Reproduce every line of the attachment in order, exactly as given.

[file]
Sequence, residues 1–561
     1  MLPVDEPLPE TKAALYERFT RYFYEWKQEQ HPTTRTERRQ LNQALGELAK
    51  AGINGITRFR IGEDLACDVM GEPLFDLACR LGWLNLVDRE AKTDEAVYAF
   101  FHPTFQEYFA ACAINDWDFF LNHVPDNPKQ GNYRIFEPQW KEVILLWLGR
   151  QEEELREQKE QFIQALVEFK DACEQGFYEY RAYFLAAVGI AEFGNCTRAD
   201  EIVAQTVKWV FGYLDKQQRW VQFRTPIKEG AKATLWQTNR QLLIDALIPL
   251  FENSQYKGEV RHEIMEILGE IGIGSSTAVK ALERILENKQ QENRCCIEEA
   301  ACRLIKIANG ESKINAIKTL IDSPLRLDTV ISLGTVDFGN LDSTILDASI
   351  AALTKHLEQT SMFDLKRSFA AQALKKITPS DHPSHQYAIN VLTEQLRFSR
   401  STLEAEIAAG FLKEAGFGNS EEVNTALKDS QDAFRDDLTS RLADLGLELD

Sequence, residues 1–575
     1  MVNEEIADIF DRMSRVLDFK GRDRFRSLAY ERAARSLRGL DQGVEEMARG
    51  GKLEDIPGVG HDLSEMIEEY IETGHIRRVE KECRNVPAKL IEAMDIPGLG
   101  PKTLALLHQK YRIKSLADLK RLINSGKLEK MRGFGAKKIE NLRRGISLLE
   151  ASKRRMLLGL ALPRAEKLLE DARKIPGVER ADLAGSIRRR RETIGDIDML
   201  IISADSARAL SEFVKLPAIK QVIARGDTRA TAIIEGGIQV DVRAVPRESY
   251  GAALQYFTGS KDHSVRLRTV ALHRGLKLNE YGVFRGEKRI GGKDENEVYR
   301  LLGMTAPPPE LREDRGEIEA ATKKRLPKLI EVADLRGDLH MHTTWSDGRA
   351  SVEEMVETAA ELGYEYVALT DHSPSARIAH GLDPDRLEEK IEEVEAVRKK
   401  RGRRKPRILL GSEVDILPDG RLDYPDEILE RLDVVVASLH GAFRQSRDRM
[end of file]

Sequence, residues 1–561
     1  MLPVDEPLPE TKAALYERFT RYFYEWKQEQ HPTTRTERRQ LNQALGELAK
    51  AGINGITRFR IGEDLACDVM GEPLFDLACR LGWLNLVDRE AKTDEAVYAF
   101  FHPTFQEYFA ACAINDWDFF LNHVPDNPKQ GNYRIFEPQW KEVILLWLGR
   151  QEEELREQKE QFIQALVEFK DACEQGFYEY RAYFLAAVGI AEFGNCTRAD
   201  EIVAQTVKWV FGYLDKQQRW VQFRTPIKEG AKATLWQTNR QLLIDALIPL
   251  FENSQYKGEV RHEIMEILGE IGIGSSTAVK ALERILENKQ QENRCCIEEA
   301  ACRLIKIANG ESKINAIKTL IDSPLRLDTV ISLGTVDFGN LDSTILDASI
   351  AALTKHLEQT SMFDLKRSFA AQALKKITPS DHPSHQYAIN VLTEQLRFSR
   401  STLEAEIAAG FLKEAGFGNS EEVNTALKDS QDAFRDDLTS RLADLGLELD

Sequence, residues 1–575
     1  MVNEEIADIF DRMSRVLDFK GRDRFRSLAY ERAARSLRGL DQGVEEMARG
    51  GKLEDIPGVG HDLSEMIEEY IETGHIRRVE KECRNVPAKL IEAMDIPGLG
   101  PKTLALLHQK YRIKSLADLK RLINSGKLEK MRGFGAKKIE NLRRGISLLE
   151  ASKRRMLLGL ALPRAEKLLE DARKIPGVER ADLAGSIRRR RETIGDIDML
   201  IISADSARAL SEFVKLPAIK QVIARGDTRA TAIIEGGIQV DVRAVPRESY
   251  GAALQYFTGS KDHSVRLRTV ALHRGLKLNE YGVFRGEKRI GGKDENEVYR
   301  LLGMTAPPPE LREDRGEIEA ATKKRLPKLI EVADLRGDLH MHTTWSDGRA
   351  SVEEMVETAA ELGYEYVALT DHSPSARIAH GLDPDRLEEK IEEVEAVRKK
   401  RGRRKPRILL GSEVDILPDG RLDYPDEILE RLDVVVASLH GAFRQSRDRM